What’s Special About V-band?
Apart from being lightly licensed and allocated, very little(!) In fact. Being in a higher frequency range compared to Ku-band or Ka-band, V-band is more susceptible to rain fade, presenting technical and market challenges compared to current solutions. More importantly, apart from experimental payloads and systems on the ground to support such trials, ecosystem development in terms of equipment on the RF and antenna side have not been fully developed.
So why does NSR forecast cumulative 2023-2030 revenue streams of over $12.6 billion for capacity sales and leases as well as $23.8 billion in service revenues from the global Enterprise VSAT, Consumer Broadband and Backhaul markets?
The answer is simple – it’s not about technology, it’s about spectrum availability and dramatically improving the end user experience via a cost-competitive offering.
Such whopping numbers, if one estimates a LEO constellation costs roughly $3 billion on average, would lead entrepreneurs, “New Space” proponents and investors to launch and support V-band programs immediately given the attractive revenue prospects. The thing is, it may already be starting to happen. Filings from around the globe and in the U.S. Federal Communications Commission (FCC) have SpaceX, Boeing, OneWeb, O3b, LeoSat and Telesat Canada (among others) planning to launch over 10,000 satellites either for standalone V-band programs or as complementary satellites to primary plans for Ku-band and Ka-band HTS systems.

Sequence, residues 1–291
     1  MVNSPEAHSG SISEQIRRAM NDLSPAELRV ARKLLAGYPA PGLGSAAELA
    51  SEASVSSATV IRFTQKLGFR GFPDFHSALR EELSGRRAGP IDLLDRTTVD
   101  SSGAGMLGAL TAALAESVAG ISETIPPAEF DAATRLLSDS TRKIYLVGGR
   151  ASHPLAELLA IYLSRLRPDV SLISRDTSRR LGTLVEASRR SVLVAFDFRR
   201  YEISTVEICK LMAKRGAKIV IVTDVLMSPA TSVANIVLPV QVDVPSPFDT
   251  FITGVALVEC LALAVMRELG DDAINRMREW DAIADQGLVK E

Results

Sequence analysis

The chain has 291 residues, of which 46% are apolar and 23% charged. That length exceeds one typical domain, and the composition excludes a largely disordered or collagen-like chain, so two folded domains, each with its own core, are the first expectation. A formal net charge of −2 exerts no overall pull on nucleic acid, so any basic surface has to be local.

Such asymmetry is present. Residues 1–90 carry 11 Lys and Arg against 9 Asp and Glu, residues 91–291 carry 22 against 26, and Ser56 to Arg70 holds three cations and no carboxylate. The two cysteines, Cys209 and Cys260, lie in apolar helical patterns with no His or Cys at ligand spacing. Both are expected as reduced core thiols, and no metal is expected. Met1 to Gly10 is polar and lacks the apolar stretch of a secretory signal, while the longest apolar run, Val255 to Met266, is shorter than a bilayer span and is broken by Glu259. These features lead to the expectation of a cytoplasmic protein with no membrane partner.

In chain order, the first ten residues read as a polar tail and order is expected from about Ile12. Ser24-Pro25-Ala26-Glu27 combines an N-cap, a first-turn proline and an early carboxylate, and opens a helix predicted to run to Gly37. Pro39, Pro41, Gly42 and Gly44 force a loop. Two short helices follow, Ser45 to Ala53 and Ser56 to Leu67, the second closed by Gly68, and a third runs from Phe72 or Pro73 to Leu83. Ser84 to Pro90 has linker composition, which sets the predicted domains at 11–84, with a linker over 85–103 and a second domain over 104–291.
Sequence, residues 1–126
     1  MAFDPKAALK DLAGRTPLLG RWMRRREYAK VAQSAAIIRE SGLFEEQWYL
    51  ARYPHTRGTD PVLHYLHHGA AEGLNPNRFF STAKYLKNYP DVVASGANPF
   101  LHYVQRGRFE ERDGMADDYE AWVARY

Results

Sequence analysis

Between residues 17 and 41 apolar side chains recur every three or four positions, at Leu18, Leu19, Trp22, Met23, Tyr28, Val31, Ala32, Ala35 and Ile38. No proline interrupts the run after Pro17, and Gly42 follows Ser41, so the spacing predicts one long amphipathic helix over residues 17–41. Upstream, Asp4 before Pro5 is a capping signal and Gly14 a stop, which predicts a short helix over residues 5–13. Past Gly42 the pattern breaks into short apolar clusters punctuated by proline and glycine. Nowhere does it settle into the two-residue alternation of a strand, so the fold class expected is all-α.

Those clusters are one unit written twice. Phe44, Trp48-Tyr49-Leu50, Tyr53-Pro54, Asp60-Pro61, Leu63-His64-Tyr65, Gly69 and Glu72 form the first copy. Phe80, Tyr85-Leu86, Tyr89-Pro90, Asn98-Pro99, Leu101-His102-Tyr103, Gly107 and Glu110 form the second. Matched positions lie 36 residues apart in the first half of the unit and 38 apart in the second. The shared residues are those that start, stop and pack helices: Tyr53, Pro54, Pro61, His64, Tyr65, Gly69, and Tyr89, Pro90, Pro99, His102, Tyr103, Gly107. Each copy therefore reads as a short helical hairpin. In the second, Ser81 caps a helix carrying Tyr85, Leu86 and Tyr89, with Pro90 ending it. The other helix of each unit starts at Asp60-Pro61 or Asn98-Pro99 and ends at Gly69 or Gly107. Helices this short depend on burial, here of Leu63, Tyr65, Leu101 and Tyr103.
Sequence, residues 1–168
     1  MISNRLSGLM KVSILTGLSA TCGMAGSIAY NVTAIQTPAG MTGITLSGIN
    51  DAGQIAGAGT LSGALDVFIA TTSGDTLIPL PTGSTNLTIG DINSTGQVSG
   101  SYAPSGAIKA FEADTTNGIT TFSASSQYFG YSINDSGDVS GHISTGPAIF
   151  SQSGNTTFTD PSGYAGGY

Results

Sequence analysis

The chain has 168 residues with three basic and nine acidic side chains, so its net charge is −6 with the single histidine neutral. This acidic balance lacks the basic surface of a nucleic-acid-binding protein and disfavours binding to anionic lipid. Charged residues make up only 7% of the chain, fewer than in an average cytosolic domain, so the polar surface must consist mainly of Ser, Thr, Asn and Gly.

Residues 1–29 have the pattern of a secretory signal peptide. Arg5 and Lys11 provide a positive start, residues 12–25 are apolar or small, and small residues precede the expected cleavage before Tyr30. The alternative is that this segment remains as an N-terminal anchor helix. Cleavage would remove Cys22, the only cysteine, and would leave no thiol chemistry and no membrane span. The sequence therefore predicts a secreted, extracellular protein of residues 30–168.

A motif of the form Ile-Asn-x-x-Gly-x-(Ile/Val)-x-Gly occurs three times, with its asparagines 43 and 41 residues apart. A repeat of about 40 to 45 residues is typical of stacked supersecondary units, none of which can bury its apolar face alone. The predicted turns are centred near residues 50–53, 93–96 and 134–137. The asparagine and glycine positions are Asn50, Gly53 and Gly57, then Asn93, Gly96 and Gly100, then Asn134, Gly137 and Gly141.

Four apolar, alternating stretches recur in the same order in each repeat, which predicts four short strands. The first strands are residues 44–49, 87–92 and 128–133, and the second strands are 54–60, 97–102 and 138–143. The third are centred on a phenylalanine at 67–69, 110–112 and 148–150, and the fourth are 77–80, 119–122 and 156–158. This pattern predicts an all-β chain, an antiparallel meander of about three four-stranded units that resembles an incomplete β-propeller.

Source: Boeing and http://www.parabolicarc.com/2016/11/17/boeing-seeks-fcc-approval-60satellite-constellation/
By 2023, NSR in its latest research study, V-band via Satellite Markets, assumes a V-band venture will be launched in LEO and another one will be followed some years after. Market hindsight would have been established where pricing, partnerships, and vertical targets would point to a compelling market offering and the establishment of distribution mechanisms and partnerships. The hindsight will not come from V-band given that it’s the new kid on the block, but from the experience and lessons learned from the missteps and successes of other HTS offerings in C-band, Ku-band and Ka-band in GEO and Non-GEO orbits.
By 2023, NSR assumes a V-band player would have resolved licensing, landing rights in key country markets, equipment/antenna development, the technical challenges of rain fade and crafting a distribution mechanism, which all lead to a better offering in terms of end user experience and price points. A key part of the ecosystem that must be developed is lowering equipment pricing. And here, NSR assumes a V-band player will have to take the risk of ordering a high volume of terminals to achieve economies of scale and thus lower the per unit price. Risk-taking in launching a system in the sky as well as risk-taking in terms of high volume orders for equipment on the ground will be key areas for success. One without the other is a recipe for failure.
Given the total market opportunity for satellite capacity and services until 2030, V-band will not take over the Enterprise Data, Broadband Access and Backhaul markets as well as other verticals that have still not been speculated upon such as the Mobility and Military segments. But V-band will enter or should enter the fray with a competitive price offering, higher bandwidth per unit feature and key partnerships, which will enable a market player or players to take a decent amount of market share from existing and planned Ku-band HTS and Ka-band HTS systems. In terms of the total market opportunity, V-band is expected to account for less than 10% market share in the three verticals cited above but still translate to a healthy cumulative revenue stream validating the business case for launching at least one V-band system.
There is nothing special about V-band. What can be special is an offering that improves the end user experience at a much lower price point on a system that happens to be running on V-band.
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